Weekly security week wrapup 23 and 24

It’s been two weeks since the weekly security wrapup, which makes ‘weekly’ a rather week term. Lots of excuses I could utter, but they’re all saying: “been busy”, which is another way of saying “I decided that other things were more important to do”. However, here we go again.

Cheap GPUs are breaking passwords faster

Obviously, they’re good at doing stupid things fast(er), and cracking passwords is about the stupidest task possible for a computer. However, for some of the strong stuff out there, like truecrypt, it does not really matter.  Truecrypt, for instance, has a rather slow initialization routine, which takes about 10ms on an average processor, which means you can check 100 passwords/sec. If a CUDA implementation were to increase that 1 million times (10^6), you can check 10^8 passwords per second. But if you have a 10 char password (upper/lower/digits), there are roughly 10^17 possibilities. Checking 10^8 passes/s means it takes 10^17/10^8/2 ~= 10^8 seconds. Which is another way of saying 76 years. That’s longer than the average time it takes for a disk to disintegrate by itself, last time I checked. Still, using CUDA to speed things up is quite cool.


Mac Reversing: Starter’s guide

I’ve found this article on (OSX) malware analysis for beginners. It talks you through the beginning of using IDAPro and how to start analysing it. It’s excellent, but you need to keep paying attention, or you loose track quite easily.


Electric car trouble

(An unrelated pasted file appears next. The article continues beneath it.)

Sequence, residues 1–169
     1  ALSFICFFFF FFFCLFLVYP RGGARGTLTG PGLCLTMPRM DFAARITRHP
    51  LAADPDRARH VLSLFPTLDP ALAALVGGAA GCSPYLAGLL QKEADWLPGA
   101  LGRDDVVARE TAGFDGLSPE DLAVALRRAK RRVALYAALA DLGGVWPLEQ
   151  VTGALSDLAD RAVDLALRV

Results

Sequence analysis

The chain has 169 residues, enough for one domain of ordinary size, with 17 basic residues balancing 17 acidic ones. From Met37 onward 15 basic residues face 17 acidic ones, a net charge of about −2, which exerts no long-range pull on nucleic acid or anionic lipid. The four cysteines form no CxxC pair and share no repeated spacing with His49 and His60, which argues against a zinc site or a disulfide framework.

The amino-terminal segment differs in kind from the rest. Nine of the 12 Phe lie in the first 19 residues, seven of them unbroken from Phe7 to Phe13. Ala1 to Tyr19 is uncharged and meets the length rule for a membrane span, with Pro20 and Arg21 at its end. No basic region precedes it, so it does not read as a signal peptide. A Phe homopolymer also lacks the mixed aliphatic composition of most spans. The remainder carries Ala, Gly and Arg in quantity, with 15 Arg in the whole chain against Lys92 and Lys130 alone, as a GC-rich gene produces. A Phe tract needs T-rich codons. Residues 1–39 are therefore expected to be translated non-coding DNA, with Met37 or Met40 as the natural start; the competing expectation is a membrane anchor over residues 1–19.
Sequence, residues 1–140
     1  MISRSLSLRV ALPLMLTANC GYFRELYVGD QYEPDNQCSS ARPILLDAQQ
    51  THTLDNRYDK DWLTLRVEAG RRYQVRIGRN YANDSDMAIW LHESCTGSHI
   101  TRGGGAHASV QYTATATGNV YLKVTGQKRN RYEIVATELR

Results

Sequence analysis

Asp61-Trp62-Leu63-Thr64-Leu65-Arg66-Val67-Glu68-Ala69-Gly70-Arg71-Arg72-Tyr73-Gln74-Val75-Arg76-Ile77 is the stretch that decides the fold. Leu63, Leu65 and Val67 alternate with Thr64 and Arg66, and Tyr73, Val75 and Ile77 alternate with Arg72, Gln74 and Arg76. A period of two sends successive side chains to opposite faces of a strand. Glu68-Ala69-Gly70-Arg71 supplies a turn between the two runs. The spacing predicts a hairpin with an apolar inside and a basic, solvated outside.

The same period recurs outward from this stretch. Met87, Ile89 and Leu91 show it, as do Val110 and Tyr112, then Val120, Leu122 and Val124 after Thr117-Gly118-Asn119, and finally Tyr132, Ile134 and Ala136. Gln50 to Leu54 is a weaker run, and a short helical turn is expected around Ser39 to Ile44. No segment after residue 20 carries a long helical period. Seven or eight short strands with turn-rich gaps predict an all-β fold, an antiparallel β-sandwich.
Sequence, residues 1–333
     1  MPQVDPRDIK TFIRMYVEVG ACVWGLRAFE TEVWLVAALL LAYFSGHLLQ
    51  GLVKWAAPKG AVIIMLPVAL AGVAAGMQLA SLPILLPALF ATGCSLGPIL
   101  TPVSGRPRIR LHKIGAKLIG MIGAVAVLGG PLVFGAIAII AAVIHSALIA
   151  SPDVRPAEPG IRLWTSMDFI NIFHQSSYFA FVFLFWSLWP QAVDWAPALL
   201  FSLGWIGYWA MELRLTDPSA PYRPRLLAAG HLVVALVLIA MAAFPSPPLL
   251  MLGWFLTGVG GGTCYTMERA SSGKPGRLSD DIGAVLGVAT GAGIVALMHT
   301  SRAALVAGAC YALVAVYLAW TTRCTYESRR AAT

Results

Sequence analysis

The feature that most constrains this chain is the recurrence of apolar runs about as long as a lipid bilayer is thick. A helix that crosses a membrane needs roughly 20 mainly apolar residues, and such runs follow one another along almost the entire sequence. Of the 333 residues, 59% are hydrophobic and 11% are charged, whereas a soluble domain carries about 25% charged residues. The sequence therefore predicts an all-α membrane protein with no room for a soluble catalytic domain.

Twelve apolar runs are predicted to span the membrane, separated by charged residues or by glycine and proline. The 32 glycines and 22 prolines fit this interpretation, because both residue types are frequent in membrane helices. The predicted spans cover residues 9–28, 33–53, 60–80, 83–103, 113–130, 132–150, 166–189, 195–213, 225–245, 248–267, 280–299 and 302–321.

And we’re not talking about the trouble you have driving your new electric Nissan Leaf and looking for a place to have lunch, dinner and a nap before your car is charged up. No, we’re talking about the car’s builtin firmware’s RSS reader telling all servers your current location, speed and whether you have the aircon on. That’s not funny.


Weekly security week wrapup 22

Intercepting skype

Intercepting skype in transit is quite complicated. The ‘oracle’ needed to decode the signalling traffic is quite well known and understood, resulting into legible signalling information. The primitives used in the user-to-user voice traffic are also well known, but this knowledge does not gain you any understanding of the contained traffic. Knowing you’re looking at AES and RSA doesn’t make it any more fun to start cracking.

This week we also heard some news that a Russian reverse engineer, Efim Bushmanov, has been able to reverse engineer skype to the point where it should become possible to write your own (open source perhaps) skype client. Skype (being aquired by Microsoft, conspiracy theorists unite, but that’s a different topic) does not like this one bit and brought in the big lawyers to tell Efim that he was violating the EULA.

But there are other ways to gain access to the traffic: intercept at the end-point, where the traffic has been decrypted for you. This article in the wall street journal describes quite detailed how the Egyptian government has been using this method to intercept traffic of young dissidents.

Lockheed Martin breach

All over the news: Lockheed Martin has been breached because it used the RSA tokens that had been compromised a couple of weeks before that. LM has the resources to actually detect a compromise like that, but there are way more small companies that use RSA tokens. How are they going to handle it? This is not the last breach we’ve seen that’s caused by the broken RSA tokens.

Lowcost USB Bluetooth sniffer

This is so nice, and it’s NFH (Nice for Hometinkering)-appeal is big. A small usb bluetooth sniffer, ehm, bluetooth monitor. Ordinary bluetooth devices are very difficult to get in a monitoring mode and other commercial bluetooth monitoring tools cost you an arm and a leg and your soul. This one is selling for under 100 GBP, and you can make it more cheaply if you can solder, which I cannot.

Pentester’s cheat sheet

If you’ve been doing pentesting, one of the goals is to get a shell on the machine. This article lists a number of methods to (ab)use common tools to get the shell working. It’s a nice cheat sheet.